(T2108 measures the percentage of stocks trading above their respective 40-day moving averages [DMAs]. To learn more about it, see my T2108 Resource Page. You can follow real-time T2108 commentary on twitter using the #T2108 hashtag. T2108-related trades and other trades are posted on twitter using the #120trade hashtag)
T2108 Status: 83% (overbought day #28)
VIX Status: 20.8
General (Short-term) Trading Call: Close more bullish positions. Begin but do NOT expand an existing bearish position.
Reference Charts (click for view of last 6 months from Stockcharts.com):
S&P 500 or SPY
SDS (ProShares UltraShort S&P500)
U.S. Dollar Index (volatility index)
VIX (volatility index)
VXX (iPath S&P 500 VIX Short-Term Futures ETN)
EWG (iShares MSCI Germany Index Fund)
Day #28 for this historical overbought period featured one of the bigger drops for the S&P 500 during this period. Friday was a rare day in which buyers actually failed to pick the S&P 500 much off its lows for the day. Still, the S&P 500 only lost 0.7% for the day, and trading volume did not pick up. The uptrend from the October, November, and December lows remains well intact.
The most interesting change was the 11.6% jump in the VIX. It gained as much as 18% at the day’s peak. I am surprised given this jump the stock market did not respond more strongly to the downside.
Notice that the VIX has risen steadily over the past week. Friday’s pop stopped perfectly at the 50DMA and the current downtrend line. If these forms of resistance break, it will likely signal the imminent end of this overbought period.
VXX also jumped, reminding me why I am stubbornly holding onto my VXX shares.
The jump in volatility compelled me to search for some fresh bearish positions. Google (GOOG) ended up as my prime target (for more see “Surge In Volatility Makes Google Puts An Attractive Short-Term Bearish Play“). I will be looking for additional candidates on Monday if volatility does not recede.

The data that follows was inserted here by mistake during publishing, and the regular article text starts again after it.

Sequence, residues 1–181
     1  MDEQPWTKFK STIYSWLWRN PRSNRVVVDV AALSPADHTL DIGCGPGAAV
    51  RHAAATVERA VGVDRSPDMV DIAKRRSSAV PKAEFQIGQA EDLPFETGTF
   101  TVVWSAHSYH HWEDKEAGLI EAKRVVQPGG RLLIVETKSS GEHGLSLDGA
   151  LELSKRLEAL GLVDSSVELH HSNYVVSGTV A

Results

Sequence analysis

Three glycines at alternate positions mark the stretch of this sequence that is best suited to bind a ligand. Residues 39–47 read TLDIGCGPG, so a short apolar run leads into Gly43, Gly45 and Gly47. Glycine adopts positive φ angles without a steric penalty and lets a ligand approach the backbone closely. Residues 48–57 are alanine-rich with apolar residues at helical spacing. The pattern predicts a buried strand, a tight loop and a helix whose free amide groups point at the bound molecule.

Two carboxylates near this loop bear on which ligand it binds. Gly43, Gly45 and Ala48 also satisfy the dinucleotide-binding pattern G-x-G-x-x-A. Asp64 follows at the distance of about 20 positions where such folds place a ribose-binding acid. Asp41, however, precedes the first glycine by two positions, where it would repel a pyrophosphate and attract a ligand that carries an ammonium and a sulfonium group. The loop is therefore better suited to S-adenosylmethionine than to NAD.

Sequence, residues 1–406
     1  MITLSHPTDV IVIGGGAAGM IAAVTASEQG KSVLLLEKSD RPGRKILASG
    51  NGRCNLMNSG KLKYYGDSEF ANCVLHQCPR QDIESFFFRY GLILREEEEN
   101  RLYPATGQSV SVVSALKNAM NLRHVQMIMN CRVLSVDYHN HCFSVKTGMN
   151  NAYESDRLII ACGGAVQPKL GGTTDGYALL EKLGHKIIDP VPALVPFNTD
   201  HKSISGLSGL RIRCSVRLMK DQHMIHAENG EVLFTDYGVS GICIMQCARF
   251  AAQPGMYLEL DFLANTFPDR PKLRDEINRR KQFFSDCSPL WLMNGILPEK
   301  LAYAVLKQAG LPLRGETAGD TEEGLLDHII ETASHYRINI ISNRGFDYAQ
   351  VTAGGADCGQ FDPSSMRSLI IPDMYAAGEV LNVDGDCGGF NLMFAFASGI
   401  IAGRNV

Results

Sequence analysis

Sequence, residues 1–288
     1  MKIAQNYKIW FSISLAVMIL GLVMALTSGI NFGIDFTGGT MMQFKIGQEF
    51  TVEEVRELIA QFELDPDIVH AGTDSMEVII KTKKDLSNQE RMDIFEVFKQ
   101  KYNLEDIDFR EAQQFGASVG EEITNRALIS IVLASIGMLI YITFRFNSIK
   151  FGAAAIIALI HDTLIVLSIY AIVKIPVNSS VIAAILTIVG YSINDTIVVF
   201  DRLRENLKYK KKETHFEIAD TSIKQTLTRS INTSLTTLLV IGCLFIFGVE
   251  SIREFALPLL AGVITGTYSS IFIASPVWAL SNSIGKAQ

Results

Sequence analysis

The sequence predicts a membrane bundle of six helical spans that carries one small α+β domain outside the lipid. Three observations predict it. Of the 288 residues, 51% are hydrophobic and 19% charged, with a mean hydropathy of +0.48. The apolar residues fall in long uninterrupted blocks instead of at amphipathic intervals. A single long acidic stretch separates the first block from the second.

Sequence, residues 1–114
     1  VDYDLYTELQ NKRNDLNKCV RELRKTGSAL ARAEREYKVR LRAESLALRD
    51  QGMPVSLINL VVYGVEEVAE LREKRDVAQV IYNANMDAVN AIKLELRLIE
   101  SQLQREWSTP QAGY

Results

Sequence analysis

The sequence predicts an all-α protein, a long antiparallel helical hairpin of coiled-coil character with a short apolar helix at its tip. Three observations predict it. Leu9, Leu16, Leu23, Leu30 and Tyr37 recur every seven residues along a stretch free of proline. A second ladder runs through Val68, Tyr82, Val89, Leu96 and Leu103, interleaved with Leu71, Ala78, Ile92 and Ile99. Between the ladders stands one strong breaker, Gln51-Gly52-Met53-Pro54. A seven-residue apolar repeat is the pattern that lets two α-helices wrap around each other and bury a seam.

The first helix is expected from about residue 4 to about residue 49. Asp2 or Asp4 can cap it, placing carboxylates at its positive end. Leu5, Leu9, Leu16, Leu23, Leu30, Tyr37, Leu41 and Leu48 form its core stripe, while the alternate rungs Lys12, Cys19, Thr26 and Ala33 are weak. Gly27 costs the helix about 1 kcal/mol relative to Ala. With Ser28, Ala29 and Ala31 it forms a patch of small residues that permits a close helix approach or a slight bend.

Another potentially ominous sign is a large pick-up in insider selling. Mark Hulbert from Marketwatch.com pointed out the following on February 9:
“Corporate insiders are now selling their companies’ stock at a rate not seen since late last July…Consider a ratio calculated by Argus Research of the number of shares insiders have sold in the open market to the number that they have bought. Last week, according to the latest issue of Argus’ service, the Vickers Weekly Insider Report, this sell-to-buy ratio stood at 5.77-to-1. And among insiders at companies listed on the New York Stock Exchange, this ratio was even more lopsided at 8.2-to-1.”
I rarely see these kinds of statistics presented with decisive evidence that the selling is correlated to peaks in the stock market, but the selling is at a minimum NOT a good thing. I would also prefer to know the dollar amounts being sold vs bought along with historical perspective. It makes a big difference if the shares being sold are triple-digit Apple or Google shares as opposed to single digit Bank of America shares. Even better would be a measure that is normalized by market cap or shares outstanding or even total shares held by the insiders.
Charts below are the latest snapshots of T2108 (and the S&P 500)
Refresh browser if the charts are the same as the last T2108 update.
Black line: T2108 (measured on the right); Green line: S&P 500 (for comparative purposes)
*All charts created using freestockcharts.com unless otherwise stated
Be careful out there!
Full disclosure: long SDS and VXX; long VXX puts